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Tauranga claims the role of hub port for New Zealand

The Port of Tauranga is now handling 385,000 TEU of transhipment traffic.

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The Port of Tauranga has released a very healthy annual result for its financial year eded 30 June 2019. Total cargo volume increased 10.2% to 26.9M/t and container traffic grew 4.3% to 1.2M TEU. The total number of vessel calls at the port decreased 3.9% to 1,678 for the year, as the average vessel size continues to rise.


Transhipment was the fastest growing component of the port’s container traffic, registering an increase of 11.2%. Transhipment now accounts for 32% of Tauranga’s container business, equivalent to just over 385,000 TEU per year.


In the financial figures, Tauranga’s annual revenue increased 10.4% to NZ$313.3M. Group Net Profit After Tax passed the NZ$100M milestone for the first time, increasing 6.7% year-on-year to hit NZ$100.6M.


Port of Tauranga’s Chair, David Pilkington, said the results were evidence of Port of Tauranga’s success in becoming New Zealand’s major international hub port. He attributed the transhipment performance to its NZ$350M capacity expansion programme to accommodate bigger vessels, which was competed in 2016. Tauranga is now handling transhipment cargo to and from other NZ ports including Timaru, Napier, Nelson and Wellington.


Tauranga is also benefitting from being a pioneer in the use of inland rail terminals, where its first Metroport facility opened in Auckland 20 years ago. Tauranga includes the cost of inland rail delivery to Metroport in its stevedoring charges, and has spent over NZ$300M on capital and operating costs for Metroport since it opened. The rail service between Tauranga and Auckland has been very successful, with up to 86 trains now making the run each week, carrying up to 9,200 TEU. Volume at Metroport Auckland was up 4.3% in the year and the port claims the facility is now NZ’s fourth largest container terminal by volume.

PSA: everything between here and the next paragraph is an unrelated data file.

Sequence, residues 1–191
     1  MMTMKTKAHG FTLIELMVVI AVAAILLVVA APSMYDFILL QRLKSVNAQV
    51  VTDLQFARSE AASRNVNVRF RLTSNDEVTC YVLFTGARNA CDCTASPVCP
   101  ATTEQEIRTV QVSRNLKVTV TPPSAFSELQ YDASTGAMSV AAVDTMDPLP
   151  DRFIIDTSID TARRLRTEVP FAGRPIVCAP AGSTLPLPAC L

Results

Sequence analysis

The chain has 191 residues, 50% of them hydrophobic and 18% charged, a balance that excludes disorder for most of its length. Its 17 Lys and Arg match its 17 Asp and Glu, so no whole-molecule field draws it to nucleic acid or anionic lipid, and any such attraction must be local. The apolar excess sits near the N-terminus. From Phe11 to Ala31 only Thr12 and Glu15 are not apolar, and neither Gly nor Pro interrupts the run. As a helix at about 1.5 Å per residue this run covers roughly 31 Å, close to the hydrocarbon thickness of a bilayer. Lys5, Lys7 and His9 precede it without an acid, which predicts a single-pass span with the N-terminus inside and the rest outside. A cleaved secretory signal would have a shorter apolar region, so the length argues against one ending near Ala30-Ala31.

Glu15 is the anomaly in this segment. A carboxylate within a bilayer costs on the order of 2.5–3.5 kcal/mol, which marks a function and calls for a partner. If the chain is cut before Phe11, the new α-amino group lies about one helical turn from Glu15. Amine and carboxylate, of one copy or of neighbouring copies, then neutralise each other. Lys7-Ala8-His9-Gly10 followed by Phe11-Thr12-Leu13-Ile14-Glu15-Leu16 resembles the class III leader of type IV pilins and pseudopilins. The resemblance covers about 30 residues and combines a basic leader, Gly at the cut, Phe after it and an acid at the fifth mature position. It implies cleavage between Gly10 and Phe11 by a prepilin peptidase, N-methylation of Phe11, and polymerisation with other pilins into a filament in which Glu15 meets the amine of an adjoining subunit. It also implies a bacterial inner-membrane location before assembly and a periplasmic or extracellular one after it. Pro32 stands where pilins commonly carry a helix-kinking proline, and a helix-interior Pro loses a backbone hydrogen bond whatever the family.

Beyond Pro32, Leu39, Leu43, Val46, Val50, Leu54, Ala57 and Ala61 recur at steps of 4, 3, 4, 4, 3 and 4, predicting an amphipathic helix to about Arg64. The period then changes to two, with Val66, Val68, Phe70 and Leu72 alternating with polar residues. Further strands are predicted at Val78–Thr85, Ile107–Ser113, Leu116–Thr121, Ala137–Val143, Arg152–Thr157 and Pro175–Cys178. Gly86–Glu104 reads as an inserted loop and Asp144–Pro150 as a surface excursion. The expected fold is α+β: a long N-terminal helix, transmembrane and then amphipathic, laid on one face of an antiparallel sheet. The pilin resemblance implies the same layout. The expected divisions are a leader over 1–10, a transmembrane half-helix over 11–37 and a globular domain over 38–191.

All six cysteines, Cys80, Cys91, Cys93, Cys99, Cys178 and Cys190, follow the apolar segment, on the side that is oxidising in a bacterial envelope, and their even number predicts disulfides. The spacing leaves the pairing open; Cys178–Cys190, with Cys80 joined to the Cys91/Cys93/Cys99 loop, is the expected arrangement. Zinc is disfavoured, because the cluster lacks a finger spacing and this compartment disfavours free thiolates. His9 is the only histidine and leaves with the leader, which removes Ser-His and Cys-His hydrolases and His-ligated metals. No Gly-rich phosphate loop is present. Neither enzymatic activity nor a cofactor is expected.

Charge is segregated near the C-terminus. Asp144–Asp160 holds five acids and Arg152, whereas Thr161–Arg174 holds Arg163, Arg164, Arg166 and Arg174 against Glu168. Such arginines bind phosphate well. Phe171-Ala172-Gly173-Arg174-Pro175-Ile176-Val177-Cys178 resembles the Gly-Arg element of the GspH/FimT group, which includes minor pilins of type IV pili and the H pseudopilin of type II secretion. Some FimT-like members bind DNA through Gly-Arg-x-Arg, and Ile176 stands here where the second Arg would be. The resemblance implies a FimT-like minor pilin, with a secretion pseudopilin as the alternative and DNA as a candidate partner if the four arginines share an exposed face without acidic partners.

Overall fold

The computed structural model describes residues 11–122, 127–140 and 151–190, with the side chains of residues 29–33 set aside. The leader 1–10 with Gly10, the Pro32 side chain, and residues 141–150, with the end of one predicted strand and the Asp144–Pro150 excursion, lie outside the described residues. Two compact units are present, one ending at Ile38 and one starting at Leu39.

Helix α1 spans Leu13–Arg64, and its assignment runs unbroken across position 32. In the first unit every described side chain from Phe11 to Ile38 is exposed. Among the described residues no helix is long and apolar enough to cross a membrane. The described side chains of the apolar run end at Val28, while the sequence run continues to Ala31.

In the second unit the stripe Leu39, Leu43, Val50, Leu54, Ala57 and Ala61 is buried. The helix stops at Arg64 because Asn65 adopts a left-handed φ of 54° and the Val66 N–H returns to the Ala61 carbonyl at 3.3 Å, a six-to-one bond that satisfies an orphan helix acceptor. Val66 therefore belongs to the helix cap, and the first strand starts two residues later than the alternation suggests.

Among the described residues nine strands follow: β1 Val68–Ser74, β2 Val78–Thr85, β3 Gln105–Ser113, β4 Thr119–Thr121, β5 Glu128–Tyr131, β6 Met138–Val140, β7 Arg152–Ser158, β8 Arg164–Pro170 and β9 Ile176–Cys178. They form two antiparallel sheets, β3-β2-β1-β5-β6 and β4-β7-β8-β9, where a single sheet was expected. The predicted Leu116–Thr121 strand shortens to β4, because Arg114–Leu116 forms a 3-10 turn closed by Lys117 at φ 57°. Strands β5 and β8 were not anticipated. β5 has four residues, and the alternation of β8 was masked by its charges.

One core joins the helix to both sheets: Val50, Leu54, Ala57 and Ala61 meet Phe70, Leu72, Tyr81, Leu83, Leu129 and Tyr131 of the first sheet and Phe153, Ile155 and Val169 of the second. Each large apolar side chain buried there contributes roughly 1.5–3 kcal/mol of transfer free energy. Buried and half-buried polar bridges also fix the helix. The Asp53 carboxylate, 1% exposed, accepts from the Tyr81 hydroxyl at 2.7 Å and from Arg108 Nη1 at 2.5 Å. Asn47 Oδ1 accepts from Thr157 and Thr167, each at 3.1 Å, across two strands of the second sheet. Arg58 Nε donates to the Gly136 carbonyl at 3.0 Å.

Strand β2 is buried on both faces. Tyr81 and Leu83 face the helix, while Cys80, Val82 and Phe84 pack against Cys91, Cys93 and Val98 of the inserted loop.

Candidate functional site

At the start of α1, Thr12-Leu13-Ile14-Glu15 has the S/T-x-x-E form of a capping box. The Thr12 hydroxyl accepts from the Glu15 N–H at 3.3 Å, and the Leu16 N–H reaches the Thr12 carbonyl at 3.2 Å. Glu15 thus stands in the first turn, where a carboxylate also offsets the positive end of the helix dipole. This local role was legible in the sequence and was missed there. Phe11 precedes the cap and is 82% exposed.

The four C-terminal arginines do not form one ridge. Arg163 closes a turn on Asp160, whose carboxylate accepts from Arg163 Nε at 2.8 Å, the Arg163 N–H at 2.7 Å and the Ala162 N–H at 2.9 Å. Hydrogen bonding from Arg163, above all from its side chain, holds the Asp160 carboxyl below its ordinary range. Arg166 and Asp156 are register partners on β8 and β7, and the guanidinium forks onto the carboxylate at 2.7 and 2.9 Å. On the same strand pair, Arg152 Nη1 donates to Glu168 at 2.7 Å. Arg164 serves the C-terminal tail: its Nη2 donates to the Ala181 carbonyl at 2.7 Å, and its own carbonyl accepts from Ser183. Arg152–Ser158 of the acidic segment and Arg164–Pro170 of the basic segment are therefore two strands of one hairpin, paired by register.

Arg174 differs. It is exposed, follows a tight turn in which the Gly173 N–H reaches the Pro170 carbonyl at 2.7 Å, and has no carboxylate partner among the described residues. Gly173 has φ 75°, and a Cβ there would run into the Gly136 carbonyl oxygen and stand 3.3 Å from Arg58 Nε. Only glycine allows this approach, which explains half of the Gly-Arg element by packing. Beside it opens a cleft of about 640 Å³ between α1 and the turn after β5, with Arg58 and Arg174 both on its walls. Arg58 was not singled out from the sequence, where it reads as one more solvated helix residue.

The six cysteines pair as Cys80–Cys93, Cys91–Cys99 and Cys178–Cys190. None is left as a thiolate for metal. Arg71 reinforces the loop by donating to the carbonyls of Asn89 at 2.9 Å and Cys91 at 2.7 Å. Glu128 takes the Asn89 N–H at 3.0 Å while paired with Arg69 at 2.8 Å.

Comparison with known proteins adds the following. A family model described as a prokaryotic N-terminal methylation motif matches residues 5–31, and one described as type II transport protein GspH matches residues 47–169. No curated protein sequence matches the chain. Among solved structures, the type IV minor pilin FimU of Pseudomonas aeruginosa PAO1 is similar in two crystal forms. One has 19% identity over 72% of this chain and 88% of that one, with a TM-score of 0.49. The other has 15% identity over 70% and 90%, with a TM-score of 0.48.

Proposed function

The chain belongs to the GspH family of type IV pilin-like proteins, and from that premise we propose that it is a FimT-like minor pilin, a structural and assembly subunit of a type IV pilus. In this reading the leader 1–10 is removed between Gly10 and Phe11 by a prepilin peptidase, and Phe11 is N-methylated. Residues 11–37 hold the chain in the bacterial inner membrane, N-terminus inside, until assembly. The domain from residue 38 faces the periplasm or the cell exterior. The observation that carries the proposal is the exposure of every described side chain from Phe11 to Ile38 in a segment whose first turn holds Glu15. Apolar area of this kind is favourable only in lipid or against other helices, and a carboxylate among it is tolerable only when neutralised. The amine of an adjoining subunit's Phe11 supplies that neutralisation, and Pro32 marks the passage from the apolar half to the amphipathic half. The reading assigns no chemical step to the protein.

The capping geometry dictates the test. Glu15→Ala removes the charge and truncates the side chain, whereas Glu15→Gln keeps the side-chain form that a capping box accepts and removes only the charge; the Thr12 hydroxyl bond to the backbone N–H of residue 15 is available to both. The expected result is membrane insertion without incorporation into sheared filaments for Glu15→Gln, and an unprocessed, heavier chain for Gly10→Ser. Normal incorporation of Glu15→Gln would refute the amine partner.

Tauranga has since opened an inland terminal at Rolleston, near Christchurch, and is building another near Hamilton, called the Ruakura Inland Port. As well as getting freight off the road and onto rail, Tauranga is promoting the use of rail and transhipment as a sustainability benefit, on the basis that bigger vessels are more fuel efficient per TEU than smaller tonnage. “The availability of rail and coastal shipping to consolidate cargo at Port of Tauranga, and the efficiency of the big ship services, means we can also offer a lower carbon supply chain to our customers,” said Chief Executive Mark Cairns.


To manage future growth Port of Tauranga is planning to add another berth by extending the quay up to 385 metres to the south of the existing Sulphur Point wharves. It will take delivery of its ninth Liebherr STS crane in January 2020.



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